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Communities of Learning and Formation


Communities of Learning and Formation: a new model for contextual learning in field education

Bexley Seabury Seminary is now offering an enriched, low-residency, and highly contextual Master of Divinity (MDiv) degree program. In this new program, contextual learning and formation for ministerial leadership is emphasized

… at the curricular level,

by incorporating elements of Bexley Seabury’s Doctor of Ministry (DMin) program in Congregational Development. MDiv students will:

  • take three Congregational Leadership and Development courses (9 credits) alongside experienced practitioners from diverse congregational contexts. Learning about family and congregational systems theory – as well as principles, strategies, and best practices for community organizing, asset-based community development, and non-profit management – will equip students with the theoretical and practical tools that will make them effective leaders in their own congregational contexts.
  • have the opportunity to participate in a travel seminar, such as Learning from London: Mission and Evangelism in the 21st Students will experience congregational development strategies at work in global Anglican and multi-cultural contexts.

… at the course level,

by including among the goals, and in the pedagogy in all courses, opportunities for students to connect their academic learning in scripture, theology, ethics, church history, and practical theology with their experience in their own local, cultural, and congregational contexts.

… and in the seminary’s unique approach to field education,

by establishing field sites that have agreed to participate as Communities of Learning and Formation (CLFs). Our MDiv students, most of whom will live at a distance from Chicago, will have a two-year field education experience, developed in and with congregations in students’ own local contexts, under the direction of our Director of Formation and Contextual Learning. Each student’s contextual learning program will be shaped by the charism of his or her own place of ministry. Participants in the CLF core groups created by these congregations will then have an opportunity to shape each other into a committed cohort of teachers and learners that will include the seminary student, supervising clergy, and the people with whom they minister. At every step, students will be challenged to connect the content of their academic work with insights and reflections drawn from their internship experience.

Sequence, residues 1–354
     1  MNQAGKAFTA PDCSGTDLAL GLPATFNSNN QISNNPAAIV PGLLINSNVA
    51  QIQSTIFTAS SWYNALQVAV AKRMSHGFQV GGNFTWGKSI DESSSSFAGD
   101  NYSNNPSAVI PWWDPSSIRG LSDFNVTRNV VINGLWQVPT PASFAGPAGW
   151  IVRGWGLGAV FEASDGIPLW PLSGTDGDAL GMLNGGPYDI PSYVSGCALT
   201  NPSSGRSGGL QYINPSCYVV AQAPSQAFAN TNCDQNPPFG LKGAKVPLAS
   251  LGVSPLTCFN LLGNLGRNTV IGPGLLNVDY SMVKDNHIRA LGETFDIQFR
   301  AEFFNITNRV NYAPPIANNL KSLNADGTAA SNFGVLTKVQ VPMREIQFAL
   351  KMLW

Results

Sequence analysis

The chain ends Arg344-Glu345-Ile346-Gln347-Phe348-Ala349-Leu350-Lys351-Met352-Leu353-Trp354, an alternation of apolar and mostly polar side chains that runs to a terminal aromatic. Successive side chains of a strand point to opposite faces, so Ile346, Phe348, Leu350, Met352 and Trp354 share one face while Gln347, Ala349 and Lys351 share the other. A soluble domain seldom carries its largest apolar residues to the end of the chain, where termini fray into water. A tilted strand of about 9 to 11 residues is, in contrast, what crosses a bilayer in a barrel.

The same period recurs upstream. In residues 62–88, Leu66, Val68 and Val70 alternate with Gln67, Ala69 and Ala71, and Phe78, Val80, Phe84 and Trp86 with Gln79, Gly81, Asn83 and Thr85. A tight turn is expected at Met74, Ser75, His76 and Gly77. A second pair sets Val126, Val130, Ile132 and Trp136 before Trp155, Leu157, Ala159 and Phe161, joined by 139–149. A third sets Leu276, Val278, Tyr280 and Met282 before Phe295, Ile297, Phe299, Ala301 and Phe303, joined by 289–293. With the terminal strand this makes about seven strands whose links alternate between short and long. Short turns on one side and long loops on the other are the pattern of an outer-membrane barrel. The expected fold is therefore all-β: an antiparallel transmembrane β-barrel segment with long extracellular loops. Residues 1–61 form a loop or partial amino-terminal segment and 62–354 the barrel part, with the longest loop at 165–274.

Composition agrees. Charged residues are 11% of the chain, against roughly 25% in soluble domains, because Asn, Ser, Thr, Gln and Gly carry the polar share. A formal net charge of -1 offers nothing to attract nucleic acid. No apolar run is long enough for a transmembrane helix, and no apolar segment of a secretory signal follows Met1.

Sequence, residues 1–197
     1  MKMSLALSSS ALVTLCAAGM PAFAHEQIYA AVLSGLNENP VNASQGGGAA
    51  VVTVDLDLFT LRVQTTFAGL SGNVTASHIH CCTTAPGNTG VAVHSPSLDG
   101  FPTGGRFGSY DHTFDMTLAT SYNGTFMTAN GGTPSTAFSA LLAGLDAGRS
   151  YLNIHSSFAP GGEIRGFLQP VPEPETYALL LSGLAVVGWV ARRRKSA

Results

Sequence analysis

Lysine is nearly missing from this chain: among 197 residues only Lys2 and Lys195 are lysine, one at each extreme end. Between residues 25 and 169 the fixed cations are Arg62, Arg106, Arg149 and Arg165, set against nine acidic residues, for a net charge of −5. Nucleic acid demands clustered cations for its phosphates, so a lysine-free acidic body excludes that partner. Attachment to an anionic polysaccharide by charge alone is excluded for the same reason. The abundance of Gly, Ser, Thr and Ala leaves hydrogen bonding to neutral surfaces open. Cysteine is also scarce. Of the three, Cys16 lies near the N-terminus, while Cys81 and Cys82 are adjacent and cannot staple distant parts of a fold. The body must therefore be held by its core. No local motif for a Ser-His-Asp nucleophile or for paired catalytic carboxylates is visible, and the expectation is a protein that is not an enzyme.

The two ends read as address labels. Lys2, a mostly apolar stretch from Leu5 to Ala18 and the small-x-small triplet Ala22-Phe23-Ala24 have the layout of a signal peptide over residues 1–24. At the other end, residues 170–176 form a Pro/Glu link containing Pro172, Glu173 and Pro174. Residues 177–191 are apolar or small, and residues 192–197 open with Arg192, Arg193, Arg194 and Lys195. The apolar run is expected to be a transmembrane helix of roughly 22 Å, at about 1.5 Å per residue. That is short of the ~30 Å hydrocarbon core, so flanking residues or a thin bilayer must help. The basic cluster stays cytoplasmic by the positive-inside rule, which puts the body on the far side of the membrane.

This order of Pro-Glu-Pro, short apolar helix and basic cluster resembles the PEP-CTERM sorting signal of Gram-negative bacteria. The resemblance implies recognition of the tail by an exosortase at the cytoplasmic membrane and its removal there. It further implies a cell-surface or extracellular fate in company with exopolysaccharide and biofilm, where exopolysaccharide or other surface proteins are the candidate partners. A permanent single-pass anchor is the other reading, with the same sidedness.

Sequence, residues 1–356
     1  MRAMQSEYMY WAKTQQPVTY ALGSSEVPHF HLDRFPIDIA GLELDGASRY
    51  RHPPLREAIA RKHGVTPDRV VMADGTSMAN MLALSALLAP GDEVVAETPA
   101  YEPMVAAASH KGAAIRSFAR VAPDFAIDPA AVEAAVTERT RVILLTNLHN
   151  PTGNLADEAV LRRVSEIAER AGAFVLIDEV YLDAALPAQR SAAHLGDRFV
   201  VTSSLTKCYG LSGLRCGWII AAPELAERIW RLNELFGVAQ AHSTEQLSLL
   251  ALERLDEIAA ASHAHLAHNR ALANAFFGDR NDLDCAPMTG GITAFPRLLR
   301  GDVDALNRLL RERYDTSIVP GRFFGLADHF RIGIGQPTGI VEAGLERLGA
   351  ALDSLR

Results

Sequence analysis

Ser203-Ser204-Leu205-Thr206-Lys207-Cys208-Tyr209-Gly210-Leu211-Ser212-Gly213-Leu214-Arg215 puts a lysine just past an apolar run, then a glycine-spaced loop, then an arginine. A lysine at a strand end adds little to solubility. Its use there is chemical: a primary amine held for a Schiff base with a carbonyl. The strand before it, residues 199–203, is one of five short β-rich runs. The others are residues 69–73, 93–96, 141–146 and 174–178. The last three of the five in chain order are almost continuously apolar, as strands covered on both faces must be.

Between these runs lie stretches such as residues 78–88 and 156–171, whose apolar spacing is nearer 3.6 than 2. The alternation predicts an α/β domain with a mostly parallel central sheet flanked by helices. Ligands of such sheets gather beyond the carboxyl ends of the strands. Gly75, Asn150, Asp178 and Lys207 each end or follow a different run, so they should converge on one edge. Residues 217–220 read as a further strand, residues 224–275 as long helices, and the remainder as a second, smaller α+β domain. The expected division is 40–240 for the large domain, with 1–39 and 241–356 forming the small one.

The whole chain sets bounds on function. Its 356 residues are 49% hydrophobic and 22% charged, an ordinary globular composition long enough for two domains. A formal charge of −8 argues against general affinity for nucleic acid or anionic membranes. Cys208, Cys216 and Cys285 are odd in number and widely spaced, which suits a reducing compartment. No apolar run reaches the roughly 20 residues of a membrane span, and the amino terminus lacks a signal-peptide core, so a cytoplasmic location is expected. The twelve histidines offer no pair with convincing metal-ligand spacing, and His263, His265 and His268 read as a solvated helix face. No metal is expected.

An overarching goal of Bexley Seabury’s enriched MDiv program, and of the field education component in particular, is to foster the education and formation of continually context-aware, reflective, and responsive ministry practitioners, beginning on Day One of their time in seminary

Communities of Learning and Formation: a new model for contextual learning in field education

Graph for Communities of Learning and FormationA central and defining feature of the new Bexley Seabury MDiv curriculum is the establishment of an alternative model of integrative field education that is based on the participation of local Communities of Learning and Formation (CLFs). This model marks a departure from the more traditional model that typically includes didactics in a field education seminar, a semester or two of internship at a field site, and pedagogy aimed at helping students to integrate theory and practice in conversation with seminary colleagues and professors in the seminary setting. By contrast, the CLF model situates field education in the student’s local congregational context over the course of the students’ seminary career. The integration of academic knowledge and practical ministerial skills takes place in the congregation, rather than exclusively in the classroom, and in conversation with a core group of CLF members.

By involving student interns in interactions, relationships, and conversations with the laity, staff, and clergy participants in the CLFs, students will also have an opportunity to experience the reality of collaborative community life and communication while also building skills in preaching, teaching, and administration. As opposed to classroom discussion of theoretical and hypothetical models of leadership – or even analysis of case studies “from the field” – the study of congregational life through the actual experience of it will foster students’ appreciation of how a particular community functions as a complex, living entity with its own systemic dynamics, story, and tradition.

CLFs are intended to affirm and nurture the organic and contextual theology that lives at the local and regional level in order to help all participants to understand better what it means to live into the reign of God. We believe that the historic clerical model of theological leadership, study and seminary cultivated expertise perpetuates a paradigm of the minister as the sole expert in the faith community. To the extent that formation is individually based and contextually indifferent, so too will be the ministry and mode of leadership that follows. Bexley Seabury challenges this prevailing mindset. Under the CLF model, collaborative teaching and learning will take place in, with, and for the student’s local congregation.

Facilitated by visiting members of the Bexley Seabury faculty, members of a CLF Core Group will collaborate with the student to learn about and to practice various methods of theological reflection; to learn to identify missional goals and objectives, to develop strategies for implementation, and to assess mission effectiveness. The CLF Core Group will become equipped and empowered to use tools that are essential for service as a forming community, as well as for their own communities’ growth and development. The benefits of this model are thus reciprocal.